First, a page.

FICTION
Camino IslandCamino Island by John Grisham. Camino Island is a fun mystery, especially so because it has books and booksellers as central characters. What could be better? Rare Fitzgerald manuscripts get stolen from Princeton in a brazen heist and we follow the adventure through the eyes of a young writer sent undercover. Filled with wacky characters and a sustained pace, Camino Island is a summer read for anyone. Enjoy. ~ Chris Morrow
The Little French BistroThe Little French Bistro by Nina George. Marianne is unhappy in both her marriage and her life. After an unsuccessful suicide attempt, she flees to the northernmost point of France, where she is embraced by the locals, who help her realize what she has and who she is. A great story about life, love, and how nothing is lost forever. ~ Suzanne Rice
The AnswersThe Answers by Catherine Lacey. Lacey takes familiar questions about love and crafts a stunning story. Mary responds to a vague advertisement for a project known as the Girlfriend Experiment. The brainchild of a superstar actor, the experiment seeks to scientifically monitor the physical state of a person in various stages of love. The author has an amazing ear for the rhythm of language; I found myself reading certain sentences over and over, until I wrote them down to read again later. In short: a crazy good book. ~ Cathy Taylor
Persons UnknownPersons Unknown by Susie Steiner. This even better sequel to Steiner’s first novel finds Manon and her newly adopted son back in Cambridgeshire living with her divorced sister. They are trying to adjust to a quieter life when a murder occurs which embroils her family in a web of questions and mistrust. Does she really know what they are capable of? A wonderfully clever mystery with complex characters. ~ Tambra Johnson Reap
White FurWhite Fur by Jardine Libaire. Jamey is the son of a famous movie star and billionaire father. Elise is the product of the projects. Fueled by intense sexual desire, their relationship grows until friends and family start to interfere. Will these star-crossed lovers find their way? Will love conquer all? Find out the answers and more in this beautifully crafted novel of love and sex, poverty and privilege, right and wrong. Intense! ~ Whitney Kaaz
Full Wolf MoonFull Wolf Moon by Lincoln Child. A Yale professor and self-proclaimed "enigmalogist" on a writer's retreat in the Adirondacks begins to suspect that a series of savage killings deep in the wilderness may be the work of something beyond the realm of natural science, especially given the full moon factor. A genuinely creepy excursion into the supernatural that expertly resurrects one of its most fierce and formidable denizens. ~ Alden Graves
Quiet Until the ThawQuiet Until the Thaw by Alexandra Fuller. The author’s first novel is as searing and biting as her memoirs were. Set on the Pine Ridge Reservation in contemporary times, Fuller explores the concept of choice through the lives of two boys. Rick Overhorse and You Choose Watson are brothers and eternal rivals. Dark, poignant, funny at times and yet utterly real, this book haunts me. ~ Maeve Noonan
Here and GoneHere and Gone by Haylen Beck. This harrowing thriller makes you question how safe your children really are. Her children end up missing after a woman ends up in custody following a traffic stop gone wrong. This thrilling rollercoaster of a trip against time to find the children will keep you glued to the pages. ~ Tambra Johnson Reap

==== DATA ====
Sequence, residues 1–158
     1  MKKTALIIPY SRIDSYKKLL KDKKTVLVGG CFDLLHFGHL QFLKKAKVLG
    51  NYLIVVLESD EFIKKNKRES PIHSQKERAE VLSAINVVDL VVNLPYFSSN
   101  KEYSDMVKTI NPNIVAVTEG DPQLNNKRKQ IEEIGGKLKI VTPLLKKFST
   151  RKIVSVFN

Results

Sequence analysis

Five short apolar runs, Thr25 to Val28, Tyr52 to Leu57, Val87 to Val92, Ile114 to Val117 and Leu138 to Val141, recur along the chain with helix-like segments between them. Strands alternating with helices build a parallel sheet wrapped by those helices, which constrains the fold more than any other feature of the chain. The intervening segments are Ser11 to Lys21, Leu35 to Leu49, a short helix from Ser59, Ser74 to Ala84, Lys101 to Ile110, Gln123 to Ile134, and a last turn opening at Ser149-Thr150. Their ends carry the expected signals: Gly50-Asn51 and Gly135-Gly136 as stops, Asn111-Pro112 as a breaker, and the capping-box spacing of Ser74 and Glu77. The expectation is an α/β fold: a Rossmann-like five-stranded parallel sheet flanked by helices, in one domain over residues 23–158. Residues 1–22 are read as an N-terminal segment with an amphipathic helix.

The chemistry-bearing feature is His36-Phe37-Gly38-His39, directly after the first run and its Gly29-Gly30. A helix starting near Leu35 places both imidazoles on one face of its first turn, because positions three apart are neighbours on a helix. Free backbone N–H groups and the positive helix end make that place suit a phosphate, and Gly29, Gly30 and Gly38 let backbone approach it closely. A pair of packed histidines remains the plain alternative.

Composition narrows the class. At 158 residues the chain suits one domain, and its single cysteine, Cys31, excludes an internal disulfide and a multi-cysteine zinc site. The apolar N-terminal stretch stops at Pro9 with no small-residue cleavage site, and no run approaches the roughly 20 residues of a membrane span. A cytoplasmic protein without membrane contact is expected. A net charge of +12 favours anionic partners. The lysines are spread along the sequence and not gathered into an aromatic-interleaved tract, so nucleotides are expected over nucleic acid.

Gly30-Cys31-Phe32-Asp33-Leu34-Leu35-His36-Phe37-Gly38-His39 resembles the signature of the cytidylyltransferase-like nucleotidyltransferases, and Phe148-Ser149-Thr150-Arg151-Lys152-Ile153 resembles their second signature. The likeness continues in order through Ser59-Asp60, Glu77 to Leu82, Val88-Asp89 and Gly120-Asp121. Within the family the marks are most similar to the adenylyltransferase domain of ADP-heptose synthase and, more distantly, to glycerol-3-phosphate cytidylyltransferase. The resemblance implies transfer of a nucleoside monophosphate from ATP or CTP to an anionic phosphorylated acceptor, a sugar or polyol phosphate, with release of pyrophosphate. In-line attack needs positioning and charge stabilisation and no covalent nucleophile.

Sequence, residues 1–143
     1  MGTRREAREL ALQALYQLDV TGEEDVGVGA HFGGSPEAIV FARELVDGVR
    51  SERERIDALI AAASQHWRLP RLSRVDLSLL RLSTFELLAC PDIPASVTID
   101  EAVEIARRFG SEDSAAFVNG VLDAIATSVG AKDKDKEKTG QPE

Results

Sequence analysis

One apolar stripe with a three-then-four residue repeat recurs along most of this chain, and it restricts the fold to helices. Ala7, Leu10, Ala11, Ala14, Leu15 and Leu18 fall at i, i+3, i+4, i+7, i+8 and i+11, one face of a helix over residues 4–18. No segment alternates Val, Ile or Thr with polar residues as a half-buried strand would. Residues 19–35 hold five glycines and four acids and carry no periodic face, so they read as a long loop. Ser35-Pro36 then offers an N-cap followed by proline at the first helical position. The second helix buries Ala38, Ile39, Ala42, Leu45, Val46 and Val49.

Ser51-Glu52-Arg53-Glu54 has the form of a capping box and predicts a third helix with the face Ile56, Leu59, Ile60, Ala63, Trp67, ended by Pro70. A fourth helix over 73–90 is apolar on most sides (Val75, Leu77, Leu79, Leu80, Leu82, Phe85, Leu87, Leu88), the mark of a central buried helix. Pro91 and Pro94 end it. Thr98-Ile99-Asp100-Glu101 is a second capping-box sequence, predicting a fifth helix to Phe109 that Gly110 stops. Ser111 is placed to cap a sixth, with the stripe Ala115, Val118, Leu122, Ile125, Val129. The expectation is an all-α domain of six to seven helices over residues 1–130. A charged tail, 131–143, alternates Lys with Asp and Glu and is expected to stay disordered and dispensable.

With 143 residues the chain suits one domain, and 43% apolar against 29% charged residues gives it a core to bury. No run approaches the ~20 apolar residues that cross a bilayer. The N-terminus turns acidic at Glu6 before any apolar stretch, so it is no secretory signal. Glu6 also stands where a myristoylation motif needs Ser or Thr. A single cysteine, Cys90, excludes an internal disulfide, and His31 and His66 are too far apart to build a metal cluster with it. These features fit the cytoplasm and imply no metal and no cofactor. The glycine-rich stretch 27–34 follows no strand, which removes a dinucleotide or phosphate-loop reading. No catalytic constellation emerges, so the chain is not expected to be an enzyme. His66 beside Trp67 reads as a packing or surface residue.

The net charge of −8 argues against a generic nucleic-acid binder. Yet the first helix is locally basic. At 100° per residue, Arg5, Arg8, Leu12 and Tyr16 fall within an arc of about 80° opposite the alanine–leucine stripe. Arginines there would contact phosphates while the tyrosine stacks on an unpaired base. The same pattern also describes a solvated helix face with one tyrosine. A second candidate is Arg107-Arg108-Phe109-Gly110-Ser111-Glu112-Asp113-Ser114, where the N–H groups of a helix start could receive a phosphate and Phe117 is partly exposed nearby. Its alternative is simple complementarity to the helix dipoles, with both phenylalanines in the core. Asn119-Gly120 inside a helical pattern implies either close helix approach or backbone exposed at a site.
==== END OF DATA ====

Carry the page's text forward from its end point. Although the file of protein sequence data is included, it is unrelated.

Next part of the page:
The Templars' Last Secret: A Bruno, Chief of Police NovelThe Templars' Last Secret: A Bruno, Chief of Police Novel by Martin Walker. Set in contemporary Dordogne, France, this book encompasses art, archaeology, Templars, lost treasure, terrorists, and even tasty recipes (it is France!). Inspector Bruno and his dog, Balzac, are confronted by dilemmas on all sides. The twists and turns will keep you glued to the pages and make you a fan of the series! ~ Maeve Noonan
The Girl in the GardenThe Girl in the Garden by Melanie Wallace. A young woman with an infant son is abandoned at a small motel on the coast of New England. The community rallies to give her the shelter and support she needs to learn to trust and to find love again. In turn, her presence helps the people of the town to right the wrongs of the past. ~ Suzanne Rice
PAPERBACK
News of the WorldNews of the World by Paulette Jiles. Captain Jefferson Kidd reluctantly agrees to return a 10-year-old child who was kidnapped by Kiowa Indians to her aunt and uncle. The bond that develops between these two unlikely companions as they travel across hundreds of perilous miles in 1870 Texas is beautifully depicted in this exciting and ultimately very touching story of perseverance and courage. ~ Alden Graves
Miss JaneMiss Jane by Brad Watson. An intensely rich story about a woman’s search for fulfillment, growth and wholeness despite a physical abnormality that no one can see. Jane Chisolm is a hermaphrodite, delivered at home by a country doctor to a Mississippi farming family in 1915. So many passages on this theme are magnificently framed by luminous prose. Watson has delivered here an authentic novel about a woman’s transcendence. ~ Nancy Scheemaker
The Noise of TimeThe Noise of Time by Julian Barnes. Art and power – a combo that makes for a beautiful read from the 2011 Man Booker prize winner. Soviet Russia’s most celebrated composer struggles to preserve his artistic integrity under total state control. The result is a compelling meditation on courage, love, and the enduring strength of music. ~ Cathy Taylor
Behold the DreamersBehold the Dreamers by Imbolo Mbue. It’s 2007 and Jende and Nemi Jonga, immigrants from Cameroon, are working hard to achieve “the American Dream”. They have jobs, and ambitions and are full of optimism and then the recession hits. Engrossing, powerful and emotional! ~ Liz Barnum